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    Farming in the valley

    Farming in Borrowdale dates back to at least a thousand years, when Scandinavians settled the valley as refugees from Ireland. This mountainous environment was likely familiar to them, and they cleared the land, called 'thwaites', to form settlements and set up summer pastures, 'saetres', for their livestock. Many of the hamlets in Borrowdale have the suffix 'thwaite', hinting at a long history of inhabitation.
    Archaeological remains at Thorneythwaite near the head of the valley were recently identified as Iron Age, providing further evidence of the area's rich past.
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    The Abbey Factor


    The Norman Conquest led to the creation of numerous baronies in the north of England, with Borrowdale being part of them.


    In 1209, Alice de Rumelli sold a portion of her land, including the Manor of Borrowdale, to Furness Abbey. Monks from Fountains Abbey in Yorkshire also owned and managed land in the area.


    Historical Abbey records mention Herdwick sheep, the true native breed of the Lake District, and Herdwick wool was used to make the monks' habits.


    For almost 350 years, the monks farmed the valley, not only for wool, but also for rye, oats, and barley.

  • The Monks of Borrowdale



    The Cistercian monks of Grange-in-Borrowdale were known for their industriousness, and are thought to have drained and cultivated the land, built field walls and traded their produce.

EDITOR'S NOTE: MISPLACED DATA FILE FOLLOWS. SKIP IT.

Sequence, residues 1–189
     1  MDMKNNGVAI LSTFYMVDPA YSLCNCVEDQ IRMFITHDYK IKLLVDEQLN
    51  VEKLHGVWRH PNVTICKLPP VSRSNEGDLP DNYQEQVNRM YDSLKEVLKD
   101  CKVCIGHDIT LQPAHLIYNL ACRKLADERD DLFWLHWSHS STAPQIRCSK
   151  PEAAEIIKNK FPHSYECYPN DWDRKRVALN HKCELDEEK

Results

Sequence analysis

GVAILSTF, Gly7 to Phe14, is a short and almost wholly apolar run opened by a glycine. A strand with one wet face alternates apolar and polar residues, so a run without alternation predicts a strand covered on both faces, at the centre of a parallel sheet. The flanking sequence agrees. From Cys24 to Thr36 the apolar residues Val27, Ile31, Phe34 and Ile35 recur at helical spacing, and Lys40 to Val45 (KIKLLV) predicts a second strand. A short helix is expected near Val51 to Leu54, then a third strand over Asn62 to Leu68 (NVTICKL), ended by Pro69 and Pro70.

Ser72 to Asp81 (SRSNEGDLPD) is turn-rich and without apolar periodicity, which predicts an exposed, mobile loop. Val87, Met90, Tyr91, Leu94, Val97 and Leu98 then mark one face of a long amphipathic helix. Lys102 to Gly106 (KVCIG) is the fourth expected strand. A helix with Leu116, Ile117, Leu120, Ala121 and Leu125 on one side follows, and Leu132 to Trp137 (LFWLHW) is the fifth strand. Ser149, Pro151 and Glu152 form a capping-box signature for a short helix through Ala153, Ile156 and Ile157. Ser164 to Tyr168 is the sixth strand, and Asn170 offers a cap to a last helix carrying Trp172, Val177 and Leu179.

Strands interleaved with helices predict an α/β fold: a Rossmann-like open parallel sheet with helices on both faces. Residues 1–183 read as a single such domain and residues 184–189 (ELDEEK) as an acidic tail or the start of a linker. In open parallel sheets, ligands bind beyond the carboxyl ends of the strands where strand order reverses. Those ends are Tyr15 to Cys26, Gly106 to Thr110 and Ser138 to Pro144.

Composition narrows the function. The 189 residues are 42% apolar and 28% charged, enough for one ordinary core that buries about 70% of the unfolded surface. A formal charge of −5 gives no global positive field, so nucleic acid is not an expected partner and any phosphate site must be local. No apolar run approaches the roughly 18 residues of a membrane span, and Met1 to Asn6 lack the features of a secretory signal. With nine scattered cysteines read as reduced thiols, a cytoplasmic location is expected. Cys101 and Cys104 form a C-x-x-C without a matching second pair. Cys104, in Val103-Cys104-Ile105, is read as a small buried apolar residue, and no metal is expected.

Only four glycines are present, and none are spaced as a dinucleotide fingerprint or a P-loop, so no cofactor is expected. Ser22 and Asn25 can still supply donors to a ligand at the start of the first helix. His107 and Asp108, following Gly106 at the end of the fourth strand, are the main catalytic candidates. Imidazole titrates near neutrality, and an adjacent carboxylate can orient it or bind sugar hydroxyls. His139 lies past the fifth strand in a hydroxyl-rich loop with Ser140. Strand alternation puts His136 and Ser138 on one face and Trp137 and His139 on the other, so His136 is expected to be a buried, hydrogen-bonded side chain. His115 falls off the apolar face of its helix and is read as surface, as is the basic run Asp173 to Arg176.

Evidence of their monastic routes, with packhorse bridges, which ran east and south from Borrowdale over the fells, can still be seen today. Although the routes leading north to Keswick and west into Buttermere were established later, the monastic land passed into the hands of private owners after the dissolution of the monasteries by Henry VIII.

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    Medieval practices and beyond


    During the medieval period, Borrowdale's inhabitants would have been much more self-sufficient than today.


    The region's land was largely arable, with crops grown to sustain the locals and livestock raised for food.


    Evidence of the "ridge and furrow" created by ox-drawn ploughs can still be seen in the area, most visible in low sunlight or when snow-covered.


    Around Rosthwaite, the 'ridge and furrow' is particularly noticeable.